28 La Minerve, 9 September 1864, quoted in Arthur I. Silver, The French-Canadian Idea of Confederation, 1864–1900 (Toronto: University of Toronto Press, 1982), 33.
29 Eric Bédard, “Éviter ce ‘gouffre d’inique liberté’: Le fédéralisme centralisateur de Joseph-Édouard Cauchon,” in Brouillet, Gagnon, and Laforest, La conférence de Québec de 1864, 109–22.
30 Joseph Cauchon, The Union of the Provinces of British North America, trans. George Henry Macaulay (Québec, Hunter, Rose & Co., 1865), 42–43.
31 Silver, The French-Canadian Idea of Confederation, 41.
32 Province of Canada, Legislative Assembly, 8 March 1865, 778, reproduced by The Confederation Debates, http://hcmc.uvic.ca/confederation/en/lgPCLA_1865-03-08.html.
33 Province of Canada, Legislative Assembly, 8 March 1865, 778, reproduced by The Confederation Debates, http://hcmc.uvic.ca/confederation/en/lgPCLA_1865-03-08.html.
34 Biography of Edouard Rémillard, Assemblée nationale du Québec, http://www.assnat.qc.ca/fr/deputes/remillard-edouard-5055/biographie.html.
35 Province of Canada, Legislative Assembly, 8 March 1865, 786, reproduced by The Confederation Debates, http://hcmc.uvic.ca/confederation/en/lgPCLA_1865-03-08.html.
36 Province of Canada, Legislative Assembly, 9 March 1865, 842–43, reproduced by The Confederation Debates, http://hcmc.uvic.ca/confederation/en/lgPCLA_1865-03-09.html.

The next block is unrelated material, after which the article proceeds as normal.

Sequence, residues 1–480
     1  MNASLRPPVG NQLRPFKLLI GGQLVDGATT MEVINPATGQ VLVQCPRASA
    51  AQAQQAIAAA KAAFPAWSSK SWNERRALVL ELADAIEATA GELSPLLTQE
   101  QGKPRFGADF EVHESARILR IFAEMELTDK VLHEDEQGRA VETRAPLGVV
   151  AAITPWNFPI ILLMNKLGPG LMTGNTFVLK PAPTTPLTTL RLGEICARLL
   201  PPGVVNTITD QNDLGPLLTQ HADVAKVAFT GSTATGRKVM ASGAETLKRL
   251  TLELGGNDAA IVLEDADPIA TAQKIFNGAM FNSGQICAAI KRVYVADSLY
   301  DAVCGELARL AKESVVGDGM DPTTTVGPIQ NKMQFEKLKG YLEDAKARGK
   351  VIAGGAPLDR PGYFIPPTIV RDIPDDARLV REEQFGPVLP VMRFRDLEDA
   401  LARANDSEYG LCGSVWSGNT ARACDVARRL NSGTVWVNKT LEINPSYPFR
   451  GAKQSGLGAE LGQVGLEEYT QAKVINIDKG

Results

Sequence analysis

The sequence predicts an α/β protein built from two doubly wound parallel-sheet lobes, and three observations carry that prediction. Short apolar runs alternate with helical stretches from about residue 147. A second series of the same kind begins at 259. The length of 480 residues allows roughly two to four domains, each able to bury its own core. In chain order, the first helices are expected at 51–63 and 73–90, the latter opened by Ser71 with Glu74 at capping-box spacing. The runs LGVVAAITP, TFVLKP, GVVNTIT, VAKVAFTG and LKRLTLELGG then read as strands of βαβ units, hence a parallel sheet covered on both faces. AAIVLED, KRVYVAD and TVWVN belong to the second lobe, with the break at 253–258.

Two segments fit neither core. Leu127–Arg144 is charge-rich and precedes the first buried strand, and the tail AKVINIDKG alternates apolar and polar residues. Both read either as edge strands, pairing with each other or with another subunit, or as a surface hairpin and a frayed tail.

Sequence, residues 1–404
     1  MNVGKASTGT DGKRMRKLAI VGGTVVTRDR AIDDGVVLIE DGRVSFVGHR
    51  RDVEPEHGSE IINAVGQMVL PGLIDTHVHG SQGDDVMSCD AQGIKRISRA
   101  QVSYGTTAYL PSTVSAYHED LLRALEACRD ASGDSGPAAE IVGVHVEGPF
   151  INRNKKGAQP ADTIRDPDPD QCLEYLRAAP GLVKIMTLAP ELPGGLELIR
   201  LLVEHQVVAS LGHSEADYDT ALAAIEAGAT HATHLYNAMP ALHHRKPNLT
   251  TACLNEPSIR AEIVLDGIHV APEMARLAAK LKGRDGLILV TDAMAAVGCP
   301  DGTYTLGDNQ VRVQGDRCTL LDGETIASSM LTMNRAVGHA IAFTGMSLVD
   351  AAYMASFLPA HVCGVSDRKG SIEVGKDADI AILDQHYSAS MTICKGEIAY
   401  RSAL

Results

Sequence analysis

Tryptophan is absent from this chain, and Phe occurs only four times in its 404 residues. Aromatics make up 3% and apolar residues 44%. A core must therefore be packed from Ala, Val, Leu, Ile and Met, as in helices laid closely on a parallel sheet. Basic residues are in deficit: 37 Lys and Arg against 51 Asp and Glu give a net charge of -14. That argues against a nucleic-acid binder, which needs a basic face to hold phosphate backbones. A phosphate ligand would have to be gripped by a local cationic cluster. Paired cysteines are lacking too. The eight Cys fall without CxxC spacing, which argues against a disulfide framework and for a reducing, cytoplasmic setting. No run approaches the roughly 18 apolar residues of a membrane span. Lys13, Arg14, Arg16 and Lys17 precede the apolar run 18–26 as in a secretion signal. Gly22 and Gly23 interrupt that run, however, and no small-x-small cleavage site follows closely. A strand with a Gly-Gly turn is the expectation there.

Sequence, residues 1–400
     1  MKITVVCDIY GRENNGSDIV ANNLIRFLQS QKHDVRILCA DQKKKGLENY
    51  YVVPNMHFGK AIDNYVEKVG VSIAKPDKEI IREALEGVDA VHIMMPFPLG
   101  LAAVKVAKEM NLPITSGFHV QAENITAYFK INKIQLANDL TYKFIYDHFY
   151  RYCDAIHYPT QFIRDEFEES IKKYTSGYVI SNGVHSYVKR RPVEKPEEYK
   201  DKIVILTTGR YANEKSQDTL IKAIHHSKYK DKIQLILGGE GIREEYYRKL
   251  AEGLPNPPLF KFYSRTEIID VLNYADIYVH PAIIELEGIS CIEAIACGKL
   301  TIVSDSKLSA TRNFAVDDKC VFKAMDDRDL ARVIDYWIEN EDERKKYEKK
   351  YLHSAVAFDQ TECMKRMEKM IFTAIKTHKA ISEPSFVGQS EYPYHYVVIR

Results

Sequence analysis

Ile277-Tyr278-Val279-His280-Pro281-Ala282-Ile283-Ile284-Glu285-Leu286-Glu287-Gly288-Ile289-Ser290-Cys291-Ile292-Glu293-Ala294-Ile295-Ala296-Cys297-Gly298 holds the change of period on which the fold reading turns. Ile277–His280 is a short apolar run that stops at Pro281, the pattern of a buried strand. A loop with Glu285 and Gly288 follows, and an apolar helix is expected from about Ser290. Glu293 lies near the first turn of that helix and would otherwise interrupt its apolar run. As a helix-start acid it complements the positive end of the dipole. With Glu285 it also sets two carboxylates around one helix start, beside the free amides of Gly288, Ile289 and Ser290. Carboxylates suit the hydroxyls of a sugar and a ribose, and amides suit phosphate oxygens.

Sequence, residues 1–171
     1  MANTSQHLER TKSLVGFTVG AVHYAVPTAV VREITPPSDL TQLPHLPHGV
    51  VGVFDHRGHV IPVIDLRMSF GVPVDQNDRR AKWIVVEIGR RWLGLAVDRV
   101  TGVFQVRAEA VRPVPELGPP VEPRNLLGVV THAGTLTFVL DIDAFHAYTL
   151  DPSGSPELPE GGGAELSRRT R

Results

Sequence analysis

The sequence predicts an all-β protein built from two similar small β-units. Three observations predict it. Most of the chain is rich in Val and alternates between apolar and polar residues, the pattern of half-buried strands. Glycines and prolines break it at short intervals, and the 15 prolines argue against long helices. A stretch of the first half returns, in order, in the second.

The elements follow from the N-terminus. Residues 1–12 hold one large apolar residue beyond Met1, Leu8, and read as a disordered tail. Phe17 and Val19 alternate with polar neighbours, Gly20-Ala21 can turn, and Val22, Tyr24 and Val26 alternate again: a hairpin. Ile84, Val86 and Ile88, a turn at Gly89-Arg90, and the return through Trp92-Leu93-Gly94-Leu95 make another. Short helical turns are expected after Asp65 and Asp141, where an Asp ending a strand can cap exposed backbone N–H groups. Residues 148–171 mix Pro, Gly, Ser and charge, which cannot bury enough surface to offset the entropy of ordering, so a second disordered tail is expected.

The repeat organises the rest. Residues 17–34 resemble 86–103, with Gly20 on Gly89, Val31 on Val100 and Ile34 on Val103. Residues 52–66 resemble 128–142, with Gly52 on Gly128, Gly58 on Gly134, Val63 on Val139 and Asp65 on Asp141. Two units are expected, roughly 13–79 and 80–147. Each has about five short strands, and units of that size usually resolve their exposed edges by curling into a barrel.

37 Yvan Lamonde, The Social History of Ideas in Quebec, 1760–1896, trans. Phyllis Aronoff and Howard Scott (Montreal: McGill-Queen’s University Press, 2013), 303.
38 Marcel Bellavance, Le Québec et la Confédération: un choix libre ? Le clergé et la constitution de 1867 (Québec: Septentrion, 1992), 82–92, 122–24.
39 Some paragraphs of this sub-section were published by Marcel Martel, “An Example for the World? Confederation and French Canadians,” in “Debating the Confederation Debates of 1865,” eds. Colin M. Coates and Philip Girard, Canada Watch (Spring 2016): 7–8.
40 Waite, The Life and Times of Confederation, 117, 179, 195, 229.
41 Silver, The French-Canadian Idea of Confederation.
42 David B. Flemming, “Thomas Louis Connolly,” in Dictionary of Canadian Biography, vol. 10 University of Toronto/Université Laval, 2003, accessed 10 March 2017, http://www.biographi.ca/fr/bio/connolly_thomas_louis_10E.html; Marcel Martel and Martin Pâquet, Speaking Up: A History of Language and Politics in Canada and Quebec (Toronto: Between the Lines, 2012), 52.
43 Silver, The French-Canadian Idea of Confederation, 56.